argued for a pre-Flood/Flood boundary in the lower part of the Kingston Peak Formation in the East Mojave of eastern California and western Nevada. Diabase and associated evidence of contact metamorphism and rapid cooling in the Crystal Spring Formation, as well as solution pipes, chaotic bedding, dome structures, and massive precipitite production in the overlying Beck Spring Formation suggest that hydrothermal activity associated with the cooling of the diabase generated the Beck Spring sediments in pre- Flood times. The swelling of the Crystal Spring sediments by the intrusion of the hot diabase is thought to have brought the sediments at or to sea level. A shallow water status was maintained for an extended period as the shrinking of the cooling diabase was equalled by the generation of the primary dolomites of the Beck Spring Formation. The presence of these rocks in what  interpret as deep continental rise sediments combined with the evidence of shallow marine sediments to the west suggests that this environment was located far offshore on the edge of the continental shelf, creating landward, a several-hundred-mile wide, marine lagoon on the continental shelf. Abundant cryptalgal structures and stromatolites in East Mojave and Grand Canyon sediments suggest that the seaward portions of this lagoon may have been ideal for stromatolite growth. Sediments overlying the Beck Spring Formation contain a sequence of fossils, from stromatolites, to Ediacaran organisms, to small shelly fossils, and finally to traditional ‘Paleozoic Fauna’. This suggests that the pre-Flood continental shelf housed a spectrum of marine ecosystems from the margin landward: (a) a shallow-water, stromatolitic, hydrothermal, carbonate reef environment; b) a deep-water, sandy(?) evironment, with an Ediacaran benthos; c) a carbonate(?) environment populated with the organisms which generated the small shelly fossils; and finally d) a non-carbonate(?) muddy environment populated by the ‘Paleozoic Fauna’. The wide-spread nature of similar diabase in the Southwest suggests that the hydrothermal environment may have been at least regional in extent. The similar sequence of rocks and fossils at a number of locations worldwide suggests that the hydrothermal biome evidenced in what is now Southwestern United States may have been a widespread feature of the pre-Flood world.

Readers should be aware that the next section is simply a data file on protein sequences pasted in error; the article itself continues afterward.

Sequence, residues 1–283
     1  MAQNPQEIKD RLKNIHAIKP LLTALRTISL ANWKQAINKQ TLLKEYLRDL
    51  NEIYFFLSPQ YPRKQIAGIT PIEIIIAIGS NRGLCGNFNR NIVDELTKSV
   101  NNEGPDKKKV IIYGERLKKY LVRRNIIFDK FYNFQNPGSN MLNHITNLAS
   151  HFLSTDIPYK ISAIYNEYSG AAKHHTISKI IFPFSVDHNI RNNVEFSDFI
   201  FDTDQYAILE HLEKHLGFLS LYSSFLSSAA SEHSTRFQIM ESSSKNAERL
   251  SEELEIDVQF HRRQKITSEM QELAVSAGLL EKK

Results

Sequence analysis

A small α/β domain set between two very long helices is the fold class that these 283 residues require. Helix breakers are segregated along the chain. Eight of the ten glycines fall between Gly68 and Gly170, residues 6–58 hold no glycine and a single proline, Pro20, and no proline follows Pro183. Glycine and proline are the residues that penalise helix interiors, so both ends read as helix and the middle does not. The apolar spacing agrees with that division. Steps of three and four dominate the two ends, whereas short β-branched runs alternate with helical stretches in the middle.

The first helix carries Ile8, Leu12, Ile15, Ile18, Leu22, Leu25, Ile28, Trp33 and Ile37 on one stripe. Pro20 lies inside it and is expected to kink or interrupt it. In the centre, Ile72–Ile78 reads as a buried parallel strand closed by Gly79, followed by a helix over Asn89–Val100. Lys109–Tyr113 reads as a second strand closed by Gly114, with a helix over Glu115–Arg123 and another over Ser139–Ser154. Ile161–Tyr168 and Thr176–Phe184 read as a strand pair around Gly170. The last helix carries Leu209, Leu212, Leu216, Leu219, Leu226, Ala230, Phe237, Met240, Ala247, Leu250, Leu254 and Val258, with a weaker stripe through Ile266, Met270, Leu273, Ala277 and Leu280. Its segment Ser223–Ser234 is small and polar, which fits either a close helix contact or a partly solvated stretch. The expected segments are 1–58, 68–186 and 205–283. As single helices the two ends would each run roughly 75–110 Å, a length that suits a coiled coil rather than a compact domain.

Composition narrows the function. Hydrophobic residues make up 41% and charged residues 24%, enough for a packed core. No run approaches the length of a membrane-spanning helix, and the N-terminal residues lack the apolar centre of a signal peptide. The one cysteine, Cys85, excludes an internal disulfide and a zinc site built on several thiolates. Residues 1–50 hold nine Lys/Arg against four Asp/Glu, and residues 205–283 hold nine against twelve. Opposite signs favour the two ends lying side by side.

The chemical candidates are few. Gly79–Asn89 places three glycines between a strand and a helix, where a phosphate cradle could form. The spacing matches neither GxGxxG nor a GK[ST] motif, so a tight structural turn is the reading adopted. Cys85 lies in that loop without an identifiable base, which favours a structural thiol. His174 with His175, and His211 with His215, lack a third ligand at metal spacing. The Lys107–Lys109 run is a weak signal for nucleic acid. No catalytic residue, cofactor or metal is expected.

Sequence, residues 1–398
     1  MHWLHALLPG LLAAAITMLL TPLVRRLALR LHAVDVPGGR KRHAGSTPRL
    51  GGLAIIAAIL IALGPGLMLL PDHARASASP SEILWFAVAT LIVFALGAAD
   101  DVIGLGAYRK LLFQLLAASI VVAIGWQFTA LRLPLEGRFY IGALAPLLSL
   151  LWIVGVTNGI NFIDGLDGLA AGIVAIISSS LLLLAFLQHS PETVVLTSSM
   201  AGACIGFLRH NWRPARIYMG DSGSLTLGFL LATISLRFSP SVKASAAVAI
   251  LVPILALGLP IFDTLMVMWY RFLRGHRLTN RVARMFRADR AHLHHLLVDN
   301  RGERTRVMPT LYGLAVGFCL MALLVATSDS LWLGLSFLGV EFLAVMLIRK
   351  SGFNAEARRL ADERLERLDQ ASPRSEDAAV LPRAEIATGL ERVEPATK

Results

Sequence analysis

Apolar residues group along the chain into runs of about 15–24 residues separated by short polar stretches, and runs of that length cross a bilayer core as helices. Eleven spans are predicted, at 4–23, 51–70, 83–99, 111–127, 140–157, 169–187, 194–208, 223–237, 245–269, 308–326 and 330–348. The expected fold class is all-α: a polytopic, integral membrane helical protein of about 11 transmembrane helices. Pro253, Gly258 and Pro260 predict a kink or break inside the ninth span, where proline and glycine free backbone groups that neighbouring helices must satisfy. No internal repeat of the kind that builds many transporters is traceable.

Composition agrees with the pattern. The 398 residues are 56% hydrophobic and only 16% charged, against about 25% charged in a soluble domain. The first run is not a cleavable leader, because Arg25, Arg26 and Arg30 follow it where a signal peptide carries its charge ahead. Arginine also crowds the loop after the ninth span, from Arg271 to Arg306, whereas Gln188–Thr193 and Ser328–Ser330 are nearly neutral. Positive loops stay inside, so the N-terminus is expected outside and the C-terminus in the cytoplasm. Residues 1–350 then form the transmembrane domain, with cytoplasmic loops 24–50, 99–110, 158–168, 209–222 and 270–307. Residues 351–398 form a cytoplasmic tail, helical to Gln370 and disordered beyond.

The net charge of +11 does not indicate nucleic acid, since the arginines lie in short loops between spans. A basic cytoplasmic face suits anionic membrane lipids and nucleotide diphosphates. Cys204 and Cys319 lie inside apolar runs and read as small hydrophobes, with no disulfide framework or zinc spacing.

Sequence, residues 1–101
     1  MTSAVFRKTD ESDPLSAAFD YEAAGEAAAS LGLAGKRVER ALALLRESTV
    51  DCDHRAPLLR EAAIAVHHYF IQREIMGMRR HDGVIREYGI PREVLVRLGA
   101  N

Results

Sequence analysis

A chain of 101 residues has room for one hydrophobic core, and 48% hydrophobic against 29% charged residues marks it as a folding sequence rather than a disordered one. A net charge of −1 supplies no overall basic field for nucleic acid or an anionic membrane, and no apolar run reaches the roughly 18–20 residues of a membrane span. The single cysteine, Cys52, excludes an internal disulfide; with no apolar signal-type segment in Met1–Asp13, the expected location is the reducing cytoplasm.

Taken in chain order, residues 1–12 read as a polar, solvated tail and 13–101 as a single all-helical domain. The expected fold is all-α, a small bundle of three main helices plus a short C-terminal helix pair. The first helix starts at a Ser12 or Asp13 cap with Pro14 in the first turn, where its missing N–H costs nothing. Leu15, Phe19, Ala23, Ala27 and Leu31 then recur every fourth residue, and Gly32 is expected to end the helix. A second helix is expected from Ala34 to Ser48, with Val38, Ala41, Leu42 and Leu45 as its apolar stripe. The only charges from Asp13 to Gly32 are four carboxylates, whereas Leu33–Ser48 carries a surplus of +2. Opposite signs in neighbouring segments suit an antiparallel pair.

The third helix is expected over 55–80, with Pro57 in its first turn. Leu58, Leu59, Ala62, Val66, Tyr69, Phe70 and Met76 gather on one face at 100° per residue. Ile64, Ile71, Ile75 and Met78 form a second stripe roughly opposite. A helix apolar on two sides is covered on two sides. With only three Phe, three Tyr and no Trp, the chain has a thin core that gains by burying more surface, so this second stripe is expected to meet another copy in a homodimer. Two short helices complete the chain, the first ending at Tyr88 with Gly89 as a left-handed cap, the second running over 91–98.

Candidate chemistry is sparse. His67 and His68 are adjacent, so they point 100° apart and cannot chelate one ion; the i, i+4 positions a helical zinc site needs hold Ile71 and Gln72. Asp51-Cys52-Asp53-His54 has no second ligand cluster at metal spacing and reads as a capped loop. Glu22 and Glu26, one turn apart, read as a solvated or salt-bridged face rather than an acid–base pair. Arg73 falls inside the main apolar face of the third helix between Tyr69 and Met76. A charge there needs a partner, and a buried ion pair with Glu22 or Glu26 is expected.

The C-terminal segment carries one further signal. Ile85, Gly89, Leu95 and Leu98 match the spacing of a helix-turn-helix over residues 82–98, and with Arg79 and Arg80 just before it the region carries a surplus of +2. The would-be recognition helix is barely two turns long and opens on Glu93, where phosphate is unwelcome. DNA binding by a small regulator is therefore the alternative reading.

In this interpretation, on the first day of the Flood, the breakup of the 'fountains of the great deep' (Genesis 7:11) collapsed a portion of the distal carbonate bank onto the continental rise. The earliest Flood sediments were poured through the resultant hole in the reef, resulting in rapid and deep burial – and thus preservation – of these earliest Flood deposits. The extinction of many of the creatures of this biome (many of the stromatolite taxa, the Ediacaran Fauna, the small shelly fossils, and most of the Paleozoic Fauna) is explained by the failure to regenerate the same protective regime in post-Flood times. The few survivors from this fauna/flora (stromatolites, thermophilic bacteria) are relegated to relict localities in the present world (e.g. mid-ocean ridges, geysers, hypersaline intertidal environments).
Hydrothermal, ecosystem, environment, biome, lagoon, pre-Flood, stromatolites, Ediacaran, Vendian
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"The Hydrothermal Biome: A Pre-Flood Environment,"
Proceedings of the International Conference on Creationism: Vol. 5, Article 32.
Available at: https://digitalcommons.cedarville.edu/icc_proceedings/vol5/iss1/32